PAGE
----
Program Report: Rufus Edmisten

On Monday we were treated some good old fashioned Southern political oratory from Rufus Edmisten, a colorful figure in North Carolina politics for over 40 years. Typical of this genre are acknowledgements, humor and storytelling.  The storytelling began during Craig Brown’s introduction of Mr. Edmisten who described some “catch-up” work both were assigned when they were students together at George Washington Law School.  The work was successfully completed and celebrated with a “kegger” that Judge Brown admitted he had little memory of.  

Edmisten also acknowledged Rob Everett and working with his father Judge Robinson Everett. He also had fond words for Anna Jones and her father “Chairman” Jones, a key figure in the desegregation of North Carolina Schools.  

Although, Mr. Edmisten was the Attorney General of North Carolina for ten years, Secretary of State for four years and a gubernatorial candidate once, his participation in the impeachment of President Richard Nixon as a young Deputy Chief Counsel for Senator Sam Ervin’s Senate Watergate Committee may be his claim to fame. In that capacity he served the subpoena to Nixon…the first ever on a sitting president by a Congressional Committee. The subpoena sought the Watergate Tapes and was delivered to Nixon’s lawyers with a pocket copy of the Constitution that Edmisten happened to have with him. 

In discussing the differences between that impeachment effort and the current attempt in Washington, he mentioned that Congress is now weaker and with less bipartisan cooperation. He mentioned the agreement that Senator Ervin had with the ranking member of the Committee Howard Baker, not to disagree in public, a vow they kept despite many disagreements.  

Another interesting story was about a night he and his wife spent in the Lincoln bedroom in the White House at the invitation of Bill Clinton. He noted that his wife observed her regular schedule of going to bed with a book at 9:30, while he paced around all night.  

Getting down to what we need in Congress (and the country, for that matter) to get along, he mentioned five traits. The first was empathy; we have to put more effort into trying to understand other points of view in a time where our politics are deeply divided. Another was to never forget those that have helped you out.  Then there was the need to check your hubris and never think you have all the answers. Finally he mentioned the necessity of some sort of spirituality.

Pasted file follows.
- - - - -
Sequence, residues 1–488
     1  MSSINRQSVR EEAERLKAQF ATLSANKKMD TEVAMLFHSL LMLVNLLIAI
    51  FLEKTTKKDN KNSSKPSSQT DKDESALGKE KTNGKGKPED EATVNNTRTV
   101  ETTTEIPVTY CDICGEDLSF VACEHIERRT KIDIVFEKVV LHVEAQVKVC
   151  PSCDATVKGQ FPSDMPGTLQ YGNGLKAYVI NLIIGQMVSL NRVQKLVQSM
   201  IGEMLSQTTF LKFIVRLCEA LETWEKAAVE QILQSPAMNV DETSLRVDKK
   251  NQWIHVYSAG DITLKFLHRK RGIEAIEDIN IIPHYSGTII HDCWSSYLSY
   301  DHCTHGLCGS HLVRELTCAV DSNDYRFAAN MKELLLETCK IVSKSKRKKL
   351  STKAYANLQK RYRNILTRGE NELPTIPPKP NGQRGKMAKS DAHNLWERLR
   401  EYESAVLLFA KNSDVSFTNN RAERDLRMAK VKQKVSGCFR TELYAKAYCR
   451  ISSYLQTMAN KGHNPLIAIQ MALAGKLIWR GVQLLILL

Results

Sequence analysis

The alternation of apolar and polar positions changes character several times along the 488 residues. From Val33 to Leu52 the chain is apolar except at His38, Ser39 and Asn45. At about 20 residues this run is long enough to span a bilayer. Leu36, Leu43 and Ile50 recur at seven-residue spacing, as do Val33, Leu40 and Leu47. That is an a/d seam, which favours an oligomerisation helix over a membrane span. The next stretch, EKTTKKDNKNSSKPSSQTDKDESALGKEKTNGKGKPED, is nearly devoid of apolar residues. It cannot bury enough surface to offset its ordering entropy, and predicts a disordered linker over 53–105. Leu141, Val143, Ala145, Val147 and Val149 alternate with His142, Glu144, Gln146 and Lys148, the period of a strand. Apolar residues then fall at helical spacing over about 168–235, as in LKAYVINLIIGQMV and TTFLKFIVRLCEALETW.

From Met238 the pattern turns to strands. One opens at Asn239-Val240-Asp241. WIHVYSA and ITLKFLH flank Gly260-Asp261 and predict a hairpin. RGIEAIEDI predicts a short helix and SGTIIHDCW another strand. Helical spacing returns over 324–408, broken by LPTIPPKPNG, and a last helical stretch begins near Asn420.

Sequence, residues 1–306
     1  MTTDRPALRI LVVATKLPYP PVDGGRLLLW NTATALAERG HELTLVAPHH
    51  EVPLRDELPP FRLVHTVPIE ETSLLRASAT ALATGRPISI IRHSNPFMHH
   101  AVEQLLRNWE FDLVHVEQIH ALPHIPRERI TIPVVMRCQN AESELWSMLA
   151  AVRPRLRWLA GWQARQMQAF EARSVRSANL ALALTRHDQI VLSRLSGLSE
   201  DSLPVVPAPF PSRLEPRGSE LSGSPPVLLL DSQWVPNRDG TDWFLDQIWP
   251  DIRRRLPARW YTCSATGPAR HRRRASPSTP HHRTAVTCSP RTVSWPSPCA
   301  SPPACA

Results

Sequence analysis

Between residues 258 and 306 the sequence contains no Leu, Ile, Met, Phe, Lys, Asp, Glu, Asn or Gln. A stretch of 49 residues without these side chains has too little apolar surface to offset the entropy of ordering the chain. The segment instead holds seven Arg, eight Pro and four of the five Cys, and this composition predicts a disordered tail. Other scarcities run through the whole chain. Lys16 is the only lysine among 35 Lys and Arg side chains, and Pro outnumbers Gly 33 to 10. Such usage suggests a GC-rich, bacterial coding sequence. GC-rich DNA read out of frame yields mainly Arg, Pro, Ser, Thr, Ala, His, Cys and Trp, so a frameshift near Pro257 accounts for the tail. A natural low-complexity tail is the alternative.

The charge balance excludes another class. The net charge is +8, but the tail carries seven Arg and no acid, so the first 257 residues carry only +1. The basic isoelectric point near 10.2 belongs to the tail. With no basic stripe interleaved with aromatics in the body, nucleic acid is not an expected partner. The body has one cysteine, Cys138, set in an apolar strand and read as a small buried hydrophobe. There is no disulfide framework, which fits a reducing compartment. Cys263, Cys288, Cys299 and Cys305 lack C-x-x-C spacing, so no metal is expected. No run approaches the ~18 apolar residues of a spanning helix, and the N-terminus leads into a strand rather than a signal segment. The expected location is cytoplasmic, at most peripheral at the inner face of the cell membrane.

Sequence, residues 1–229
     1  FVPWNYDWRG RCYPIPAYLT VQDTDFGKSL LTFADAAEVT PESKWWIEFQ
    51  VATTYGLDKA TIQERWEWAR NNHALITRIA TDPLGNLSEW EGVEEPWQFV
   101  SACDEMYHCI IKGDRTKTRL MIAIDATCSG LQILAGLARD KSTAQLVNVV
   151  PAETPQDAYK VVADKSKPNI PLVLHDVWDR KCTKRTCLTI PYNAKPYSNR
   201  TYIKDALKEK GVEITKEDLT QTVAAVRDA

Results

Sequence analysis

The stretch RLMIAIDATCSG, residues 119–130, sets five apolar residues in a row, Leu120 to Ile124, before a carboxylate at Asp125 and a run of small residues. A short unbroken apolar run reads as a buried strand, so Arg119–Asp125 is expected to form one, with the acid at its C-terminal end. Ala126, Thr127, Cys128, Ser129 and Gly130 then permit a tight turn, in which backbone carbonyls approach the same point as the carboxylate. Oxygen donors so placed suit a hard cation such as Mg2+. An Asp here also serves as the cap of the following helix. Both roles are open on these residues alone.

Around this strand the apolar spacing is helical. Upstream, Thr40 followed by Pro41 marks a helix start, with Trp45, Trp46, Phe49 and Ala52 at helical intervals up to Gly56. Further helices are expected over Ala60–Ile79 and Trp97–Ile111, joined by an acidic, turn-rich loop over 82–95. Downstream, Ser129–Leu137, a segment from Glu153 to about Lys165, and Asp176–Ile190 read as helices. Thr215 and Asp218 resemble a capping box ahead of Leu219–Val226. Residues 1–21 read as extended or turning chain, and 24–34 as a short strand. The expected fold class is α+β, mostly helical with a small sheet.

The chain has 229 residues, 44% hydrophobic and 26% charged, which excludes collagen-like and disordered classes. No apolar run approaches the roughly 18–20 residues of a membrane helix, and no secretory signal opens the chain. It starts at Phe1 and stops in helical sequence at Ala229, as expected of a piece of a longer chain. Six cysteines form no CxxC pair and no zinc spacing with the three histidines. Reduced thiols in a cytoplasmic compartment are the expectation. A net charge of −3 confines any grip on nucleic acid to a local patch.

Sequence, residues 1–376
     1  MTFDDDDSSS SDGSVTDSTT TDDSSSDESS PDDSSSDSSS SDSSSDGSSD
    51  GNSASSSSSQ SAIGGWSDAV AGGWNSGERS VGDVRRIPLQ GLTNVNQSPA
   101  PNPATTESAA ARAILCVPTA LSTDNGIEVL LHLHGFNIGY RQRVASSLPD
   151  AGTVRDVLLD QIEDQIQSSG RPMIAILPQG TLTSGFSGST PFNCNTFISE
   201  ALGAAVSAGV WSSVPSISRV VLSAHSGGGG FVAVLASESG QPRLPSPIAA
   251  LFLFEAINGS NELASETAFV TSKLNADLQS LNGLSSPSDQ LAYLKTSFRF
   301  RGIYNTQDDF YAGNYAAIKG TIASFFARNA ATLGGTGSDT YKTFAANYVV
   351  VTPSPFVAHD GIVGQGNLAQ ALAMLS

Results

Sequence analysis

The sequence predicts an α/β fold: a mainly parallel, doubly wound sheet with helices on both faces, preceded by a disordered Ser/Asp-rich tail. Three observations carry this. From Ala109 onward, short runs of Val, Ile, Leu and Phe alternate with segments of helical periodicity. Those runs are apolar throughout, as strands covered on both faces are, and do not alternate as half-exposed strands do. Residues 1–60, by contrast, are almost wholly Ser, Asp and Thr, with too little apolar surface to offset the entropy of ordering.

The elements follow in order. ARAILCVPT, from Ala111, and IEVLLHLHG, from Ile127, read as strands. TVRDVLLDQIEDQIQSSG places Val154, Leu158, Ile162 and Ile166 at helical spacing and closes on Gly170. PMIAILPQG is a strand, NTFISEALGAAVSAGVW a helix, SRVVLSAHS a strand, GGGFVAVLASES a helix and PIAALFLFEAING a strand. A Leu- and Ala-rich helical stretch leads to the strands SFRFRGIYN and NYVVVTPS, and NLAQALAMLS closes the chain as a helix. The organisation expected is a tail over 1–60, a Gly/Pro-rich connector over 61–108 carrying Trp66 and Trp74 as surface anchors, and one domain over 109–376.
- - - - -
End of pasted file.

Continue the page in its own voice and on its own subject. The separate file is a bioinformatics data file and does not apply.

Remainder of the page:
There was another one that was second in his list but personally I found a little puzzling. His advice was to choose your own friends.  This seemed a little at odds with the need for empathy. However, I think I have figured out how I can get that clarified.  

Mr. Edmisten brought with him a guest, Nancy Carter Moore and copies of his book that were for sale. Ms. Moore helped him with the production of the book that is entitled That’s Rufus: A Memoir of Tar Heel Politics, Watergate and Public Life. The buzz around the table in the back with the books after the meeting was a good measure of the enthusiasm generated by the program. If you weren’t there or couldn’t wait in line to buy it, the book is available online at Amazon and Barnes and Noble both in paperback and electronic versions.  Interestingly, when I searched Edmisten’s name on Amazon, the book that appeared below it was Judge Craig Brown’s book A Fork in the Road, also in paperback electronic versions. Maybe there are more details about that kegger in Judge Brown’s book. Buy them both for two compelling stories. 

I also found audio interviews of Mr. Edmisten, the longest about 45 minutes, at this link: for those want more of North Carolina history from a man who lived it. 


Submitted by Jay Zenner 

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